6 Non-Verbal Ways to Communicate Clearly With Your Child

by ParentCo. July 26, 2016

As a classroom teacher, I regularly get to hear about the endless struggles between children and grown-ups at home.

Parents complain of frequent, annoying behavior issues that drive them nearly mad – endless tantrums from children and having to repeat the same requests again and again. At school, things are both tougher and easier.

In my classroom, I have more kids to encourage and discipline, and I simply cannot afford to repeat myself more than once. If I had to repeat everything twice to every single child in a class of 30, I'd be dead by lunch time. So what do I do? I use every method of communication that I can – other than talking – to make myself understood. This means that in the six hours that I spend with the children I probably say less than the average parent says in an hour. Protect your mental health, and to learn how to say everything you need to say without even using any words with these simple strategies:


Remember the old expression: eyes are the window to the soul? Make sure your eyes clearly express the cry of your soul when the little buggers are beginning to get on your nerves. My kids are trained to respond appropriately to a whole range of different eye expressions. Eyes wide open? I'm semi-surprised, or semi-shocked. Eyes fixed on the floor? They know I'm seriously upset. They understand that they've either done something they shouldn't have, or they've got to stop whatever it is that they're doing right now.

Body language

If I slide down in my seat and put my feet on the desk – something I'd only rarely do – my body language is saying, "You're not focusing and you're not working hard enough. I'm going to chill and do nothing as well. Don't wake me up when it's play time because you ain't gonna get any if you carry on doing nothing." That's a lot of information all communicated in one theatrical action. But the good news is you don't need to have such advanced acting skills to make your life a bit easier. You do quite a bit of it naturally already: hands on your hips, arms crossed on your chest, etc. You just need to make it intentional and broaden your "repertoire" so you're not doing it unconsciously when you're already furious, rather using it strategically to achieve a desired effect before things escalate. Body language is also about where you are in space. If the child is messing around in class, it's often quite effective to just get into their space. Stand uncomfortably close to them, just watching, and without saying a word. No one wants to have someone stand over them with an air of heavy reprimanding silence. It's a clear message that they need to reconsider their current behavior.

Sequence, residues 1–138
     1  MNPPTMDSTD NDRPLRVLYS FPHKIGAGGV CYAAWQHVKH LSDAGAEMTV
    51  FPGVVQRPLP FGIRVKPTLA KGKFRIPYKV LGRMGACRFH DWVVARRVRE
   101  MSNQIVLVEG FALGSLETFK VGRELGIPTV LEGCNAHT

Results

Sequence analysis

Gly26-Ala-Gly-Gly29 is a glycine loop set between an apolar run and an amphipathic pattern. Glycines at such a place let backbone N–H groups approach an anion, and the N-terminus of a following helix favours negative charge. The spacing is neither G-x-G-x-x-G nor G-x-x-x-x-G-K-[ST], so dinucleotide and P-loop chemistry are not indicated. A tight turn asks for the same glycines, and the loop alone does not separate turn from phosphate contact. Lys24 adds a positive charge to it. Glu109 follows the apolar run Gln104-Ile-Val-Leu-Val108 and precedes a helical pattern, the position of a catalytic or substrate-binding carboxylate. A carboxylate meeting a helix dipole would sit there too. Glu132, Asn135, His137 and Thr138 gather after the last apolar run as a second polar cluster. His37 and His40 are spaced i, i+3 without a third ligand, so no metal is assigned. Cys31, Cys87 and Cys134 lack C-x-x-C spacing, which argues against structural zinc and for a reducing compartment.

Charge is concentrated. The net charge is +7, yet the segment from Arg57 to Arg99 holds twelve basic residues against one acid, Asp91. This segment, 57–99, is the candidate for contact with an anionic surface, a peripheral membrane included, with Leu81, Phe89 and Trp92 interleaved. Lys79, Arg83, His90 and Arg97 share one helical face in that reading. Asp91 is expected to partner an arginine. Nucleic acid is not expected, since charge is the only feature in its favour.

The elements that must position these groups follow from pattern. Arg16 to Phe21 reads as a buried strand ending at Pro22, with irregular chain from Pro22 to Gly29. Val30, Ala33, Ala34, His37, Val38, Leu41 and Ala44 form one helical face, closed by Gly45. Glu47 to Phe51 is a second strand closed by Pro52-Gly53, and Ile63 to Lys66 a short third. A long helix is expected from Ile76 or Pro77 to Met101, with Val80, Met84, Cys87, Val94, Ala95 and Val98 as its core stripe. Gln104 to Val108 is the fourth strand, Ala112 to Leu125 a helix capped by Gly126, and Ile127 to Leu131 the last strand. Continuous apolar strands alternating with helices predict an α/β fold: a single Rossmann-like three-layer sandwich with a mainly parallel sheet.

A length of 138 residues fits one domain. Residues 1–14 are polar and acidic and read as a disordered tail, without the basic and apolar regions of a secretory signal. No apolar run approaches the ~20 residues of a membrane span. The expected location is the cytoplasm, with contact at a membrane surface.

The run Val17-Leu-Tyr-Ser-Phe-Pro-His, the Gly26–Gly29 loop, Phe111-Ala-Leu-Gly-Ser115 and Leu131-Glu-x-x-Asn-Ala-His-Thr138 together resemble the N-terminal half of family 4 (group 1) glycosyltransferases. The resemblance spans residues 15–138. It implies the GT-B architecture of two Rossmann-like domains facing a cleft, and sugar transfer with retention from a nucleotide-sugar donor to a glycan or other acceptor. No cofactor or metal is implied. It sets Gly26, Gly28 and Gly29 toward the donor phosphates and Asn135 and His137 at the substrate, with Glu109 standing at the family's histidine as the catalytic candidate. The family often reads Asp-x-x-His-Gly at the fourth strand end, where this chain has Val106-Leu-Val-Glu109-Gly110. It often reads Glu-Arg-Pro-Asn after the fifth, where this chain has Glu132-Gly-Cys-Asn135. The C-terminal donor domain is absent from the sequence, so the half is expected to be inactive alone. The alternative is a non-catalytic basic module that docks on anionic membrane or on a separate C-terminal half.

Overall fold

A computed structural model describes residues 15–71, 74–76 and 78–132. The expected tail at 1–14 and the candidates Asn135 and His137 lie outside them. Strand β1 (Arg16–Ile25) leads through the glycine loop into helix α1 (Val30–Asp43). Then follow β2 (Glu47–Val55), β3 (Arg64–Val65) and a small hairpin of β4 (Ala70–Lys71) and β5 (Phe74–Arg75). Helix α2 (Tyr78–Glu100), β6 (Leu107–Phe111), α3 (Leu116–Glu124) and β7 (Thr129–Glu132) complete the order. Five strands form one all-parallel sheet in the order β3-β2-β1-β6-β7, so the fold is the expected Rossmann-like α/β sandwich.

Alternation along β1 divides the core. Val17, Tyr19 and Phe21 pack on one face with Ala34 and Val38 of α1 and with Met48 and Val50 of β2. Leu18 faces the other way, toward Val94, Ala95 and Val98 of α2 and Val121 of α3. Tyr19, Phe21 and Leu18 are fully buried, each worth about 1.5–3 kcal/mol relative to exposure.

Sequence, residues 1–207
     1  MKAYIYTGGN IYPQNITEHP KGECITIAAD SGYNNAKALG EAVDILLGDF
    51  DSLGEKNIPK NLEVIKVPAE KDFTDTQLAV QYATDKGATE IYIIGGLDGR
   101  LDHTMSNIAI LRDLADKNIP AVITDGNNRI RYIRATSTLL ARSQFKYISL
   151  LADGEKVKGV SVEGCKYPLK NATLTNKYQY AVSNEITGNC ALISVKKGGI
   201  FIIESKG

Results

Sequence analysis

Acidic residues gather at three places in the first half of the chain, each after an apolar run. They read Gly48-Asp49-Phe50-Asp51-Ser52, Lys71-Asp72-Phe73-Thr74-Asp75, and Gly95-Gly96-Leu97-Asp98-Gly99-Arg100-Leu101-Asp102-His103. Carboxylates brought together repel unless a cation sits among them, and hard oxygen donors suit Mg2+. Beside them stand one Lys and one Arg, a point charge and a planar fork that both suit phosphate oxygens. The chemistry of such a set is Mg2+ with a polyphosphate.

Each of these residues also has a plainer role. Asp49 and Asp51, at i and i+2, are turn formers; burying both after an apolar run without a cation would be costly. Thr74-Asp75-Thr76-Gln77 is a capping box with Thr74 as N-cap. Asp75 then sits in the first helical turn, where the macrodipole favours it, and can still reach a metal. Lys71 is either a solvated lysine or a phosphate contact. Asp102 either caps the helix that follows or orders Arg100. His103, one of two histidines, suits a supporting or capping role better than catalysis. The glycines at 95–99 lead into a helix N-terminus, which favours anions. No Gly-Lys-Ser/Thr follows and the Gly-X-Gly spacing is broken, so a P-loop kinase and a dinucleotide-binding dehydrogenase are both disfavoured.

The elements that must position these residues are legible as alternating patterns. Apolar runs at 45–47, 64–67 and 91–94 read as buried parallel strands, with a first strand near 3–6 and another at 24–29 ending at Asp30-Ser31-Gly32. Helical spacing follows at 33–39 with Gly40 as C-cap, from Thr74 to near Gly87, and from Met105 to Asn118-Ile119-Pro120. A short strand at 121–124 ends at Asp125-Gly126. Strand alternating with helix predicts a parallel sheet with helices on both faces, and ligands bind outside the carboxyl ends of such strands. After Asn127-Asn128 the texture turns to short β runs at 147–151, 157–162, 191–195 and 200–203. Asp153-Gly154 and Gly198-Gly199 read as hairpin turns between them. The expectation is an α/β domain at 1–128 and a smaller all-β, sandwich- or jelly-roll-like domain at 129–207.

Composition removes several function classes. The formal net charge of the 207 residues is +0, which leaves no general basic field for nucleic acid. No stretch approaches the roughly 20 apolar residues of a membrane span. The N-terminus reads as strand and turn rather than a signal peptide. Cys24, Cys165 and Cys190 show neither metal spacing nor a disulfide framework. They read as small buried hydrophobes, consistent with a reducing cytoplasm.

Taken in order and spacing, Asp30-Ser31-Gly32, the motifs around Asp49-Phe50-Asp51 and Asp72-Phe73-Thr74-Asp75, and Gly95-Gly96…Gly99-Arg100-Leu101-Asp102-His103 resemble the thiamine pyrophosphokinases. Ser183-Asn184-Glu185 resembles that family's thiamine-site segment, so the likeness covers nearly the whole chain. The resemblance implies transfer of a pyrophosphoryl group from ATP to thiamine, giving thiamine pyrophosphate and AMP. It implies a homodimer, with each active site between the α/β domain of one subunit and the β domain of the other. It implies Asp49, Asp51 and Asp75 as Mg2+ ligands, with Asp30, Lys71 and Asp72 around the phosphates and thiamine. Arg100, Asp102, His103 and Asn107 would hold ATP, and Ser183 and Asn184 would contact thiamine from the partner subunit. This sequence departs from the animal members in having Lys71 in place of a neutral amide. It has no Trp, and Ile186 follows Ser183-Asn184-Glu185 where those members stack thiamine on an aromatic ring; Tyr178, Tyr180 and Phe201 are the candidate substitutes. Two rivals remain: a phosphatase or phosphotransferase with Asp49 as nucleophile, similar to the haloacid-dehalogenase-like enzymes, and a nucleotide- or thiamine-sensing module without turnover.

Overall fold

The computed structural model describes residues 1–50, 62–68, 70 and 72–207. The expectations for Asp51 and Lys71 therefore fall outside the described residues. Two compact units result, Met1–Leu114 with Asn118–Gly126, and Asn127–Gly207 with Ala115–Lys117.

A chalk board (or any other writing surface and materials) is great for protecting your vocal cords. When a child is fiddling and lesson time is wasted, I just write "5 minutes" on a small whiteboard. I show it to the child who knows he owes me five minutes of his playtime. No need to explain anything. You can do the same at home. If your instructions are ignored, you quietly write the amount of time the process has taken on the board. This is the amount of time your child loses watching a show, playing video games, etc. You can use simple drawings or symbols depending on what your child best responds to. You can use the board for reminders, rewards, or sanctions. For any kind of message that you don't want to have to repeat.


This is not exactly a word-free method of communication, but children tend to respond well to it and it does save time and energy. Ask your child's teacher if they use rhymes or songs in the classroom and then re-introduce them at home. For example, "One, two, three...eyes on me." is a popular rhyme in elementary school.


Some of the most commonly used signs in a classroom setting are: sit, listen, wait, take turns. If You can always make up your own. However, it's obviously best if the same signs are used/understood by all adults working with and caring for the child.


Visuals are very helpful when delivering important information about time, or what's coming next. Looking at your watch – whether you're wearing one or not – is a universal visual for communicating that it's time to go, or that something is taking too long. Sand-timers are a great way to show how much time is left for an activity, or how much time is left before the next transition. Children don't need to be able to tell time for these to be effective. Other helpful visuals include things like holding up a book to indicate it's time to go to the library, or that it's time to get ready for bed and a story. A re-usable bag could mean that it's time to go grocery shopping, and a spoon could mean it's time to get ready for dinner. You can come up with the objects of reference that work for you. Many children love using this sort of "secret code." Take time to explore which strategies work for you and your children. Remember that this strategy is primarily about your own mental and emotional welfare. Constantly repeating yourself to no avail becomes irritating and upsetting. If you invest in developing non-verbal communication strategies while your children are little, it'll save you a lot of time and energy in the future. Communicating clearly will help you be a better parent – more patience, less snapping.



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